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Bob Weeks

TSN Senior Reporter

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Brooke Henderson made her way to Aurora, Ont., and the Magna GC on Tuesday to help pump up this year’s CP Canadian Women’s Open.

Her clubs, however, did not. They were lost somewhere in the bowels of an airport along with her luggage, meaning the phenom had to skip playing a few holes at the Doug Carrick-designed course and merely scout the layout in a cart.

Nevertheless, Henderson was all smiles as she greeted dignitaries, sponsors and members of the press who scattered shots all over the course before coming in the majestic clubhouse for the formalities.

The first question in the presser was an obvious one: after thrilling the nation a year ago in Regina by becoming the first Canadian to win the tournament in 45 years, what did she have planned for an encore?

“Hopefully come here, get a good strategy the week of,” she stated, “put in some good practise, get the proper rest that I need going into the event and hopefully put some good scores up on the board and put myself in position where I can do something special on Saturday, Sunday.”

Winning the title again will not be easy. The CP Women’s Open, set for Aug. 22-25, will feature a strong field that includes 16 of the top 20 golfers and 90 of the top 100. To win against this field on home soil will require something special.

Then again, Henderson has been doing special things for some time now. This year she notched her eighth and ninth career victories, pushing her past the trio of George Knudson, Sandra Post and Mike Weir as the winningest Canadian golfer on the PGA or LPGA tours.

The record-breaking win came at the Meijer Classic in June and Henderson admitted that on the final hole, where all she needed was a par to re-write the record book, there was a lot of extra pressure.

“I was just trying to make sure I didn’t do anything stupid,” she said, beaming a wide smile at the memory. “For some reason, breaking the record and getting my ninth win on the LPGA Tour which is unreal, I had more nerves than I normally do. I wasn’t sure what was happening but I was able to calm them enough to get the job done.”

The two victories highlight another remarkable season for the Smiths Falls, Ont., product. In addition to the wins, she has five other top-10 finishes, the second-best scoring average on the circuit at 69.67, and is just $1,448 shy of $1 million in earnings on the year.

Her career winnings now total $5.8 million, which is boosted by her plentiful off-course earnings with sponsorships from companies such as CP, MasterCard, Golf Town, PING and Skechers.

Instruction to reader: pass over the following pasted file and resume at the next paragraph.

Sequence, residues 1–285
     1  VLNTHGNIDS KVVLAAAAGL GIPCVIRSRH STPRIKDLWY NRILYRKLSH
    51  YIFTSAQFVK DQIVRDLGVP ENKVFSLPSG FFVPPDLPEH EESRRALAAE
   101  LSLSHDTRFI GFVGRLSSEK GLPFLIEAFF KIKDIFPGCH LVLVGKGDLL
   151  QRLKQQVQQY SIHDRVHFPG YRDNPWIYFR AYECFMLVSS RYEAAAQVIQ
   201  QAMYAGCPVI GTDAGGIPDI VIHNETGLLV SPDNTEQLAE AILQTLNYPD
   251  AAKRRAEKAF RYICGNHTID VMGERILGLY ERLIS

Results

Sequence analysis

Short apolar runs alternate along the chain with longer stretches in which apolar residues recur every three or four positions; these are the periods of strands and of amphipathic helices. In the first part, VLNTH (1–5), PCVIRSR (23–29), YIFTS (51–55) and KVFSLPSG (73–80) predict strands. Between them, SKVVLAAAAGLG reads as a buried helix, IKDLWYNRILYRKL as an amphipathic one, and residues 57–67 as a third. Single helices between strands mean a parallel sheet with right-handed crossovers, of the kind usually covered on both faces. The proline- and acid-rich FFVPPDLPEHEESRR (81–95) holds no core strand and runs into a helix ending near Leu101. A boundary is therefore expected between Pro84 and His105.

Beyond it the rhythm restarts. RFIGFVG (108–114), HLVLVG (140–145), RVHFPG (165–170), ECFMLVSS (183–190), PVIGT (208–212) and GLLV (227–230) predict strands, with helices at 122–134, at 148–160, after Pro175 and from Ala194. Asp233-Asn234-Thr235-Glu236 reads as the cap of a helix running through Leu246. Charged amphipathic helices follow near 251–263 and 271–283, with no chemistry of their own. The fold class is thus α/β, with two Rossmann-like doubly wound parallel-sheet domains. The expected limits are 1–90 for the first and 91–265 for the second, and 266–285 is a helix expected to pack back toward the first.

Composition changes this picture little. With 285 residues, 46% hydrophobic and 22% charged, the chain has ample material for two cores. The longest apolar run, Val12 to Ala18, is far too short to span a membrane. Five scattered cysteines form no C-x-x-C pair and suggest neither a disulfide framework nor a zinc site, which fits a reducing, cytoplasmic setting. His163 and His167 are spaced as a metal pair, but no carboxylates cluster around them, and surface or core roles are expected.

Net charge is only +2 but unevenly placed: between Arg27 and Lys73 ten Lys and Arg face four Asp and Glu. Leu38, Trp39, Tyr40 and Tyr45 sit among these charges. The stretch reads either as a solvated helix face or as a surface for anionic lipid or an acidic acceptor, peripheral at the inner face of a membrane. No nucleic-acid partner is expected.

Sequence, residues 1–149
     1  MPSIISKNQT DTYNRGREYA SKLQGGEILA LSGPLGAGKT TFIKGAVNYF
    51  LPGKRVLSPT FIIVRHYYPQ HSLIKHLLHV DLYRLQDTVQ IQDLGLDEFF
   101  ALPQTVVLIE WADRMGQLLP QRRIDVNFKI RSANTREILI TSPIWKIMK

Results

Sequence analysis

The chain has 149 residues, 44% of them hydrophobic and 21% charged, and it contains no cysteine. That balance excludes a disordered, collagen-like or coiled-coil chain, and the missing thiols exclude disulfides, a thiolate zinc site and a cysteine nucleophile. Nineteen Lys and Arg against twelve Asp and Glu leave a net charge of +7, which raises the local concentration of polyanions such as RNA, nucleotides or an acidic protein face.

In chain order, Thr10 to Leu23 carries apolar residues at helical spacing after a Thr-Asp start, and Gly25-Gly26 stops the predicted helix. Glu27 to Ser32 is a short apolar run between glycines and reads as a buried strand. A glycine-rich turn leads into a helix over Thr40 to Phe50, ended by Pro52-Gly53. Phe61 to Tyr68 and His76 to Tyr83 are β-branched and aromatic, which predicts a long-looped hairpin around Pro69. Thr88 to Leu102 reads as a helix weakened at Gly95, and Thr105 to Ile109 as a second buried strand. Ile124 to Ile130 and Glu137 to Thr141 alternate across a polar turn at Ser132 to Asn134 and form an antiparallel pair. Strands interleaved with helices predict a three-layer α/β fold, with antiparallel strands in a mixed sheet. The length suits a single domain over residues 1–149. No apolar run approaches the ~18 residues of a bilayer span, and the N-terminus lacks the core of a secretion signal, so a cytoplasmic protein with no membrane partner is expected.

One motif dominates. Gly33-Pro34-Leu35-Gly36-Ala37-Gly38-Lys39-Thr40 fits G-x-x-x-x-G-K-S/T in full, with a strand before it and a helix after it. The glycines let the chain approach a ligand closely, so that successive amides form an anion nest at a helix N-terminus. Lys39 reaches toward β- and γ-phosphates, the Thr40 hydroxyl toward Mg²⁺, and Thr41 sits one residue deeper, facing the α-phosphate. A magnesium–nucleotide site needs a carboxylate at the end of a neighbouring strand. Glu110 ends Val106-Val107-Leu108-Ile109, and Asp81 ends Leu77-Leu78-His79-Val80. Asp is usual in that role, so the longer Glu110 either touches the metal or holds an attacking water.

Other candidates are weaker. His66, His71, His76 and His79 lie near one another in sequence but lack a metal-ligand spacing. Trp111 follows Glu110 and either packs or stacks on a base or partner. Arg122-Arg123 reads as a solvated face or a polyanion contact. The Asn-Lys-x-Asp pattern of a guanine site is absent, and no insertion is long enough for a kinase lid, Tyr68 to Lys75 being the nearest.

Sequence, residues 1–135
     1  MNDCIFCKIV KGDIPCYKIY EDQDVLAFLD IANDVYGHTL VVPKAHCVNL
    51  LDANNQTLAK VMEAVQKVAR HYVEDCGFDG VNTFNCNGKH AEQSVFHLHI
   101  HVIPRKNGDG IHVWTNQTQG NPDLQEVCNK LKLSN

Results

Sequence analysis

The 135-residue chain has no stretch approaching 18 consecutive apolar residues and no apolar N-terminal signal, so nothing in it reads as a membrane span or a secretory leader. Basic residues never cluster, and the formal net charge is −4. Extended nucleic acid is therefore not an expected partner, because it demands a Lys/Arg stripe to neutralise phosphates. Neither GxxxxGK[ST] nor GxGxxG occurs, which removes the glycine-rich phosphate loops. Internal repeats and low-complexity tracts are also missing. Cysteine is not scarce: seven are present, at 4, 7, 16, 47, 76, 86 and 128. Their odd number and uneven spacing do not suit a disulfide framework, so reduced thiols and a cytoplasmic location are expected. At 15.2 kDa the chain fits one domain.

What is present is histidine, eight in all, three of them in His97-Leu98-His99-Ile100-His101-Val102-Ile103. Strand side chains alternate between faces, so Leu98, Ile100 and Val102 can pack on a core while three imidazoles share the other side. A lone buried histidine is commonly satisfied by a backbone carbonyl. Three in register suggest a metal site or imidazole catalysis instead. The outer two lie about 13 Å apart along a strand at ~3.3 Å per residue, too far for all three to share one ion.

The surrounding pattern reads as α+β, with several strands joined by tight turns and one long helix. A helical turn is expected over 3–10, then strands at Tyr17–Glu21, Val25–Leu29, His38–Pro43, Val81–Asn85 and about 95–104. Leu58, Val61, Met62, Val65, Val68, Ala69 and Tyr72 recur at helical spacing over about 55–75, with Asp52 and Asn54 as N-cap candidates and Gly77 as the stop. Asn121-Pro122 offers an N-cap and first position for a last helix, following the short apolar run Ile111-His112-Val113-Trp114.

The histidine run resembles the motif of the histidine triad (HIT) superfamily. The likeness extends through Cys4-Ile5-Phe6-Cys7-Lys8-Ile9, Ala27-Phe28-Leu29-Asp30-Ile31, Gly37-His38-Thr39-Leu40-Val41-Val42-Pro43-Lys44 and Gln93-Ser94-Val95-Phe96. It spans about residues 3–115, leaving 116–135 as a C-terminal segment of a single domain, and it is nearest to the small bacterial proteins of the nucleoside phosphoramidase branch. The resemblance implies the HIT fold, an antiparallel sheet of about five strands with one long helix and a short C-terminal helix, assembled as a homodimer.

She is also the face of the Canadian women’s tournament. After massive crowds in her home region of Ottawa two years ago and a huge turnout in Regina last year, Golf Canada is hoping Henderson’s presence will goose ticket sales in the Greater Toronto Area, where the tournament hasn’t been held since 2001.

Officials said it’s been a bit slow so far, but some of that has been due to the excitement of the Raptors NBA victory smothering the market. With eight weeks to go until the first tee shot, no one is worried and that, in large part, is due to the star of the show.

It can all be somewhat daunting for a 21-year-old woman who has been thrust into the spotlight of Canadian sport. Tournament victories mean congratulatory messages from the prime minister and Wayne Gretzky.

She was named Canadian Female Athlete of the Year last December for the third time in four years. The LPGA Tour has put her front and centre in its new marketing campaign, Drive On. Throngs of young girls, dressed in PING visors – nicknamed Brooke-alikes – follow her every move. And there’s also the Brooke Brigade, which encompasses girls, boys, men and women, that shows up at every tournament. It’s her version of Arnie’s Army.

“A little bit,” she said, when asked if it all can be overwhelming. “It’s sort of hard to believe sometimes. I’m just trying to be a better person and a better golfer every single day. I try to push myself to be the best that I can be.”

What’s evident, though, is that Henderson has accepted her position and is embracing it. Just as her game on the course has continued to improve, so have her skills in front of the microphone.

Through interview after interview on Tuesday, she never seemed flustered, or short, or tired of answering the same questions. She laughed and charmed her interviewers, keeping her life in perspective.

She provided honest responses, shared her success with her family, especially sister/caddie Brittany, and was humble in every way. (Her only remaining fear, apparently, is making speeches solo and for her opening statement at the press conference, she requested someone to ask her questions instead).

“I’m in a really amazing place right now,” she admitted, “and I just hope I can keep it going,”

Now, if only she could find her clubs.